“We’re kind of used to it now,” Tampa Bay goaltender Andrei Vasilevskiy said after he and the Lightning lost in the final for the first time in three consecutive trips. “It’s a little harder, of course, because you don’t have that much time to rest. It’s basically a few weeks and you have to get back at it. But, yeah, I can’t complain. You want your summers to be short every year.”

It was a little longer for Connor McDavid and the Oilers after losing to Colorado in the West final. Despite the lack of downtime, McDavid “wouldn’t trade that in for anything” and aims to make it even further since Edmonton shored up its goaltending situation by adding Jack Campbell.

A few spins of the goalie carousel ended with the Avalanche acquiring Alexandar Georgiev from the New York Rangers and Cup winner Darcy Kuemper landing with Washington. Joining new teammates, many of whom hoisted the Cup in 2018, Kuemper is not worried about less time off.

“It was definitely a very unique summer,” Kuemper said. “With how short it was, you start getting back into the gym and you’re kind of a little bit worried that your training’s going to be so short. But you kind of felt like you weren’t getting back into shape. You were already there.”

NEW COACHES

The Oilers are one of several teams settling in for training camp under a new coach. Jay Woodcroft took over as interim coach in February but has the full-time job now.

“Looking forward to a camp with him,” McDavid said. “He did a great job coming in during the middle of the season, but it’s never easy on a coach, for sure. I’m sure there’s things that he wanted to touch on that you wasn’t able to kind of in the middle of the year, so he’ll be able to to touch on all of it this year.”

The same goes for Bruce Boudreau in Vancouver, 11 months since being put in charge of the Canucks. Philadelphia’s John Tortorella, Boston’s Jim Montgomery, Vegas’ Bruce Cassidy, Dallas’ Peter DeBoer, Florida’s Paul Maurice, Chicago’s Luke Richardson, Detroit’s Derek Lalonde and the New York Islanders’ Lane Lambert are all starting the job fresh.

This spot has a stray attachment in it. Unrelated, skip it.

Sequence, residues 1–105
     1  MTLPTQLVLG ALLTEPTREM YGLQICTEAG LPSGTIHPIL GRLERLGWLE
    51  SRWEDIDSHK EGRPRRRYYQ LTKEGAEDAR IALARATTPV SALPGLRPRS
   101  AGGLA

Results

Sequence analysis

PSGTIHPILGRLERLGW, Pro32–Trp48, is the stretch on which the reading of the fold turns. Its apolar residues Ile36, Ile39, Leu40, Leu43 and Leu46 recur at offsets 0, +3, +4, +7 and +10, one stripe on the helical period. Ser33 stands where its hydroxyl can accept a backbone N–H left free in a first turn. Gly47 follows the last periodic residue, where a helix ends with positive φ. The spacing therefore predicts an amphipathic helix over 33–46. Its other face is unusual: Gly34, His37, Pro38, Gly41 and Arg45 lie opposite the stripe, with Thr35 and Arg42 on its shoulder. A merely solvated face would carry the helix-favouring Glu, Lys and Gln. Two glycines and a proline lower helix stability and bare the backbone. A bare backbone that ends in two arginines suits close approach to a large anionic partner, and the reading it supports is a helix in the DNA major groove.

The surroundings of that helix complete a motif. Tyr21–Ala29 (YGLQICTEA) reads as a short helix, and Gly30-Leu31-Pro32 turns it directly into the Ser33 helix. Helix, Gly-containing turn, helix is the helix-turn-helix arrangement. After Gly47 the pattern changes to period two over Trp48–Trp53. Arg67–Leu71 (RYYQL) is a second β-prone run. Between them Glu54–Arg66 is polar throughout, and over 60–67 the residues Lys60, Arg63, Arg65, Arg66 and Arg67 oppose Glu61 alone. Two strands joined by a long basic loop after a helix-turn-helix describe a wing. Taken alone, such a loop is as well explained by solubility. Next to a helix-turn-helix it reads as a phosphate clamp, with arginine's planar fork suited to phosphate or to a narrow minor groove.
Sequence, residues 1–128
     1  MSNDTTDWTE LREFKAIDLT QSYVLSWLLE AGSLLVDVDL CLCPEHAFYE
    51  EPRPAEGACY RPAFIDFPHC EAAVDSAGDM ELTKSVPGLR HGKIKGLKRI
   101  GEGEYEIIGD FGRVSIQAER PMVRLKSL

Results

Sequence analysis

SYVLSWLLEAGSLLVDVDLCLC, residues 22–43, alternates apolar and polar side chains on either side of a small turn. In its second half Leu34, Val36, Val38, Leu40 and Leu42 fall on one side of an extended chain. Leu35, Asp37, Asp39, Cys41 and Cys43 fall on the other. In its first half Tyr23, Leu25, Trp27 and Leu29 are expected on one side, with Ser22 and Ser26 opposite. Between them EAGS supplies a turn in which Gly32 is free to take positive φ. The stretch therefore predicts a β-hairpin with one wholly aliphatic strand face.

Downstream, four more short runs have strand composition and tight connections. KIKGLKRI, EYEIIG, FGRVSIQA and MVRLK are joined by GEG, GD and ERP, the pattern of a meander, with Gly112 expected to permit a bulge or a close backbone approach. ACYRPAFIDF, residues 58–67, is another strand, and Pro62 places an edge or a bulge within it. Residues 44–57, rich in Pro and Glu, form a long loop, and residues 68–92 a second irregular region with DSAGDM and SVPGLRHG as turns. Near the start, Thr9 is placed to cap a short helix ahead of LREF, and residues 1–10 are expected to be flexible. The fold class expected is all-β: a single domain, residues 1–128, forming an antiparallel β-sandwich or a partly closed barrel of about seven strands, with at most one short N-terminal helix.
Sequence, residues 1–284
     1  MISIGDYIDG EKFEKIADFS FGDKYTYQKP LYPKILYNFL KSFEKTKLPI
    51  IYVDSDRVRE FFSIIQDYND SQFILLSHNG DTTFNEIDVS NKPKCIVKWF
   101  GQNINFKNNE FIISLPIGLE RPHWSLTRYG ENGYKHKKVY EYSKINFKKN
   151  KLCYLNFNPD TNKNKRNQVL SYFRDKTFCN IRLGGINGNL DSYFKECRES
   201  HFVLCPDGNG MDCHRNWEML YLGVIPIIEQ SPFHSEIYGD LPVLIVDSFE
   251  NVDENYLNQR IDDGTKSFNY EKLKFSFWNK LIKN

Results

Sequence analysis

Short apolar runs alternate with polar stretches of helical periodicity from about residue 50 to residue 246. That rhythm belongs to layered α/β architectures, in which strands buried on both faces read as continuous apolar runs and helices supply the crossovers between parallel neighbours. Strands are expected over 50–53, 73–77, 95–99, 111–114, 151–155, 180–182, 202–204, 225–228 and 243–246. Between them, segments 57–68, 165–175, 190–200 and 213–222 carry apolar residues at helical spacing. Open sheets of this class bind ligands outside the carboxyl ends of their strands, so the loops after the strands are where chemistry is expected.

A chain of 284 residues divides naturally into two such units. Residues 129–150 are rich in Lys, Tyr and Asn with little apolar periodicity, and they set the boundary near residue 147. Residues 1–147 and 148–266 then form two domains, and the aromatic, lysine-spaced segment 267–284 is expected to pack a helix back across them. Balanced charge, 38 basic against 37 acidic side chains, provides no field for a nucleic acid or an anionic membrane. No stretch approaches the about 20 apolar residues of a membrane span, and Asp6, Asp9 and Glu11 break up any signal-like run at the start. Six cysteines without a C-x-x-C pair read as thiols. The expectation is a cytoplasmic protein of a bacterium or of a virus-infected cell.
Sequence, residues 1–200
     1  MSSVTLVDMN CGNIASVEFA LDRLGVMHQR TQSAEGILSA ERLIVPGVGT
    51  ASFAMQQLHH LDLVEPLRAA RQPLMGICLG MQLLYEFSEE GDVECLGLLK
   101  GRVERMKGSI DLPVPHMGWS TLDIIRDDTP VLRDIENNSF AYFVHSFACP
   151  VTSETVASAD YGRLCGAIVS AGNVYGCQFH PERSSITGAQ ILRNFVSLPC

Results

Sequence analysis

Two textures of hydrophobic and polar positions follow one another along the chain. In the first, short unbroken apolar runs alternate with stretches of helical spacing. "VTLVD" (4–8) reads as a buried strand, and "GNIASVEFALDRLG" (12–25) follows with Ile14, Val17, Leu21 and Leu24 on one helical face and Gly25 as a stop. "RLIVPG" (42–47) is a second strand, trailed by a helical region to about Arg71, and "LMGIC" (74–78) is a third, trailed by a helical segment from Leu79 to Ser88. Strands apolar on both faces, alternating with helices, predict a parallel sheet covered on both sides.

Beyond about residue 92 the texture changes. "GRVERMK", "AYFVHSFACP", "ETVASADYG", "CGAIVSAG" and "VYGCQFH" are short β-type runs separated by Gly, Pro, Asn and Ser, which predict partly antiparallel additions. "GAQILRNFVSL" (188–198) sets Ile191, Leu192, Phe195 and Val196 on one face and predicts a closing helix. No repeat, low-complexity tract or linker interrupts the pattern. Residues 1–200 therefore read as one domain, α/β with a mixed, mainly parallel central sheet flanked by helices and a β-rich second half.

CAMP TRYOUTS

Roughly 40 players are attending a camp on a professional tryout agreement with the chance to earn a contract for the season. James Neal has that opportunity with the Blue Jackets, and Derek Stepan returned to Carolina to seek a job with the Hurricanes.

The most intriguing situation involves 37-year-old center Eric Staal, who agreed to the tryout with Florida the same time brother Marc signed a one-year contract. Younger brother Jordan was with Eric and Marc on the 18th green at Pebble Beach to witness the occasion.

“They’re both just super pumped, as was I,” said Jordan Staal, who is the captain of the Hurricanes. “Eric is excited about the opportunity and Marc, as well. Really cool. Really cool thing.”

EARLY START

Before the puck drops on the NHL season in North America on Oct. 11, the Nashville Predators and San Jose Sharks play twice in Prague on Oct. 7 and 8. And those are not exhibitions.

“We still play two important games,” said Sharks forward Tomas Hertl, who is a native of Prague. “It’s not just preseason where you coming here to warm up.”

Colorado and Columbus will also play two games in Tampere, Finland, on Nov. 4-5 as part of the NHL’s Global Series.

And just as the league gets used to a regular schedule, work is ongoing between the league and NHL Players’ Association to stage a World Cup of Hockey in February 2024, which is popular among players even if it knocks the calendar off kilter again.

“I think they missed out on a huge, huge portion of the international game that’s really going to be missed,” McDavid said. “We need to figure out a way to get an international tournament in as quickly as possible.”